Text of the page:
The teachings provided herein are generally directed to a posterior retractor comprising a handle section; and, a retraction section having an anchoring element. One of skill will appreciate that the true scope and applicability of the inventions provided herein is broader than the limited embodiments described by the teachings.
  • [0034]
    FIGS. 1 a-1 f illustrate basic steps of a hip surgery, according to some embodiments. FIG. 1 a shows a hip 100 prior to the surgery, and FIG. 1 b shows the hip 100 after arthroplasty. In FIG. 1 c, the damaged femur is extracted from the acetabular socket 103 and the femoral head 104 is cut off. A tunnel 105 is then created in the femur 102 with a file. In FIG. 1 d, the acetabular socket 103 is then prepared with a reamer 106 to smooth the socket 103 and prepare it for insertion of a prosthetic acetabulum 107 as shown in FIG. 1 e. A prosthetic femoral head 108 is inserted into the tunnel 105 in the femur 102 and connected to the prosthetic acetabulum 107 as shown in FIG. 1 f.
  • [0035]
    FIGS. 2 a and 2 b illustrate an anchoring problem with state-of-the-art retractors, according to some embodiments. In FIG. 2 a, arthritic hip joint 200 has a degraded posterior lip 202 of an acetabulum 203. In FIG. 2 b, retractors 206,207,208, and clamp 209, are used to pull back soft tissue 210 from the acetabulum 203. A poster-inferior retractor 215 is then used to provide clearance for a reamer 106 in the acetabulum 203 to prepare the acetabulum 203 for an arthroplasty.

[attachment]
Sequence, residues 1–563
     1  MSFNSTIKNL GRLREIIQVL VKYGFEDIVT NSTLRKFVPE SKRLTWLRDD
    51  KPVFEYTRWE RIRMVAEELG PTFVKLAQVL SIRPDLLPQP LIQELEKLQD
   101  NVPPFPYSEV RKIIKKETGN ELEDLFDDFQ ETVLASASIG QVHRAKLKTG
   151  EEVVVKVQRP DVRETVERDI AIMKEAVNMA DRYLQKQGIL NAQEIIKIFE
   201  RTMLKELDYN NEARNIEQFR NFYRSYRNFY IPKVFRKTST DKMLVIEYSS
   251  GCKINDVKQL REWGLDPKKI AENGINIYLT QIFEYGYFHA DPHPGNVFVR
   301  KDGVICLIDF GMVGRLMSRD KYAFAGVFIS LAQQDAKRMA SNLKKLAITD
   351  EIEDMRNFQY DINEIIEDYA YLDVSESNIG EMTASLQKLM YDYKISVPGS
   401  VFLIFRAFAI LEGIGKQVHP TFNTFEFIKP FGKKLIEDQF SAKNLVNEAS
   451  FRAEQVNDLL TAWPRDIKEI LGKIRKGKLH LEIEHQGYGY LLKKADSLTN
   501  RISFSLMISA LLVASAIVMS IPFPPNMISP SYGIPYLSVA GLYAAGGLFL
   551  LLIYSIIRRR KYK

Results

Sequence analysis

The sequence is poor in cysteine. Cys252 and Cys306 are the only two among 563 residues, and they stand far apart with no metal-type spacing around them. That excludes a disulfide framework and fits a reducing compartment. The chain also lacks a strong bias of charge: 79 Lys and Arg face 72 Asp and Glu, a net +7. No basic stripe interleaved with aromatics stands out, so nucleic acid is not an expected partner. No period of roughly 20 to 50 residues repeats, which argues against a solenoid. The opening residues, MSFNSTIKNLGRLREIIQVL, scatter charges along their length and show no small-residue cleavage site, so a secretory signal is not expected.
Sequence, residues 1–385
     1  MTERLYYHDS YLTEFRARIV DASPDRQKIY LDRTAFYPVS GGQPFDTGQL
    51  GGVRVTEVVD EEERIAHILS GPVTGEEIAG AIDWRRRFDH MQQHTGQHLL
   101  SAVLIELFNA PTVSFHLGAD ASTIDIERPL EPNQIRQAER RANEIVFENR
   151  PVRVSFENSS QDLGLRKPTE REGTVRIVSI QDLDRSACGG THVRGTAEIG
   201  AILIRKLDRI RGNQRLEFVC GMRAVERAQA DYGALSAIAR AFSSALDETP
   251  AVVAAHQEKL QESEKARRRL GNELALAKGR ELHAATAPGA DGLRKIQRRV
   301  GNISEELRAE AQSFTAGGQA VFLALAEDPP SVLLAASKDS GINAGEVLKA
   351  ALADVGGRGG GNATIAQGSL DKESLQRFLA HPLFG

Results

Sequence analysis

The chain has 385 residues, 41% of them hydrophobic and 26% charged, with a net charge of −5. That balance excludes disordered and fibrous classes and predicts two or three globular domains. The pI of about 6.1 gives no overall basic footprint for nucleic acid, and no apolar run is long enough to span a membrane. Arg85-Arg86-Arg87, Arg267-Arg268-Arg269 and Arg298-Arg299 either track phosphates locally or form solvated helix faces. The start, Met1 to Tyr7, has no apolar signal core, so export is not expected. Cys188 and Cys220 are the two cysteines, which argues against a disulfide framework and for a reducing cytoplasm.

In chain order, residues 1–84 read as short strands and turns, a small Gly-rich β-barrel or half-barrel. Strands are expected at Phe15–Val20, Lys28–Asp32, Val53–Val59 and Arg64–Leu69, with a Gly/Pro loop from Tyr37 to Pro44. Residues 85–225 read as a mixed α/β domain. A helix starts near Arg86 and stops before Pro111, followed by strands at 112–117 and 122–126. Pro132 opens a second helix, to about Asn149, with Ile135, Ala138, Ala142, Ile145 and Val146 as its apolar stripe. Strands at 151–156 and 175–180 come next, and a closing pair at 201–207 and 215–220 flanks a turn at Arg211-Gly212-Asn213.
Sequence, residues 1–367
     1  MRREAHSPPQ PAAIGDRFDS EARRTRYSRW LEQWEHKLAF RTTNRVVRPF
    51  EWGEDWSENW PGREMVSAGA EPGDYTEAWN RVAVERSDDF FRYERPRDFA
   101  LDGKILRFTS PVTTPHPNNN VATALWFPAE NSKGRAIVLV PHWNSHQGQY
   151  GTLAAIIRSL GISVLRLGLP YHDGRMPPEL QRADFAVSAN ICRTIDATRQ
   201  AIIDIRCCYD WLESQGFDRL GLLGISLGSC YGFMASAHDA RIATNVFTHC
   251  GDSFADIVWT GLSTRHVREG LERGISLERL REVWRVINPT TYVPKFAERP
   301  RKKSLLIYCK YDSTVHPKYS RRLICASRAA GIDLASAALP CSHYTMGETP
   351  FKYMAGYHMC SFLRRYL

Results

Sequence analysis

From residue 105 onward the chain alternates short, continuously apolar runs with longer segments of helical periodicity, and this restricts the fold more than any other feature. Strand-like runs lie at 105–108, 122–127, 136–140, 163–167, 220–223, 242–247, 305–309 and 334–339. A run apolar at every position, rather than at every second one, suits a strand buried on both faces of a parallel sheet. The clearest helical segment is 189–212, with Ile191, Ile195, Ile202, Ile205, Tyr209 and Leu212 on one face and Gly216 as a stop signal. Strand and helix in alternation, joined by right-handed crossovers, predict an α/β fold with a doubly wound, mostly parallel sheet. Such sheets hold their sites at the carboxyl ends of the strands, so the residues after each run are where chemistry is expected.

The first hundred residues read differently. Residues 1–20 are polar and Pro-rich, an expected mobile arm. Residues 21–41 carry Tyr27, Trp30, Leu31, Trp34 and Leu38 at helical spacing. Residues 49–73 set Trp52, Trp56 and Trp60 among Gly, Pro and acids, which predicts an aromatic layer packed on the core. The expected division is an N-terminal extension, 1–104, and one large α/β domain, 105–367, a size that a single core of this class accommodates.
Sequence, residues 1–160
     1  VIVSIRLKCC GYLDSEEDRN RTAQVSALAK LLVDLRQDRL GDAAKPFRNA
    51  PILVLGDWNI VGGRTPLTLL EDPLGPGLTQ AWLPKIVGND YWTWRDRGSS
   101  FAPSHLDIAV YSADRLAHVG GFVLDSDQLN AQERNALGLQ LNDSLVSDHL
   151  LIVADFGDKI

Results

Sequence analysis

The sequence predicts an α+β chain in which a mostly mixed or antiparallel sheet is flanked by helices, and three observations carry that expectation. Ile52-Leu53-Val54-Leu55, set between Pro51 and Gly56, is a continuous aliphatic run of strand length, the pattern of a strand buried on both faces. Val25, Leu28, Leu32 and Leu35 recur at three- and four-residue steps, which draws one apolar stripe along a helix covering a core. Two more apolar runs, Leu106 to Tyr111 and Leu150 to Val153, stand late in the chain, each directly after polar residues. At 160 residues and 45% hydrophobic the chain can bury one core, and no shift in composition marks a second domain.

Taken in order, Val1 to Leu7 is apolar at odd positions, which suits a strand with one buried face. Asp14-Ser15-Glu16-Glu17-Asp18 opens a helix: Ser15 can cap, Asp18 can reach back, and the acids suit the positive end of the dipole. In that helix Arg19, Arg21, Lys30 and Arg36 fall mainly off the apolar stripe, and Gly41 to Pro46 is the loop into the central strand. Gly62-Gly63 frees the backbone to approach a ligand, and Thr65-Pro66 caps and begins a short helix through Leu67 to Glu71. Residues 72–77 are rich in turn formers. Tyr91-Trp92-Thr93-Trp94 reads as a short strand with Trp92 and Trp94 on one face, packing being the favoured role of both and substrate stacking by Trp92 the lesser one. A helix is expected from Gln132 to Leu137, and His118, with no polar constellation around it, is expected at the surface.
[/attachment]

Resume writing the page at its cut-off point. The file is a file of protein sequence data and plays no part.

• [0036]
    The retractor 215 is leveraged by placing the retractor 215 under the posterior lip 202 and pressing the retractor 215 against the posterior lip 202 to retract tissue away from the acetabulum 203. The inability to leverage the retractor 215 and retract soft tissue can occur from a variety of conditions known to one of skill. As a result, an anchoring and stability problem produces inadequate leverage when pressing the retractor 215 against the posterior lip 215. The posterior lip 215 can be degraded from arthritis, such as in the case of the arthritic hip joint 200 or, the posterior lip 202 may simply have a shape that does not effectively hold the retractor 215 while applying leverage. The posterior lip 202 can also be weak and unable to sustain a leveraging force from retractor 215 due to a physiological disorder, such as osteoporosis. This current inability to leverage a stable retraction of the soft tissue around the hip joint creates a need for an improved posterior retractor.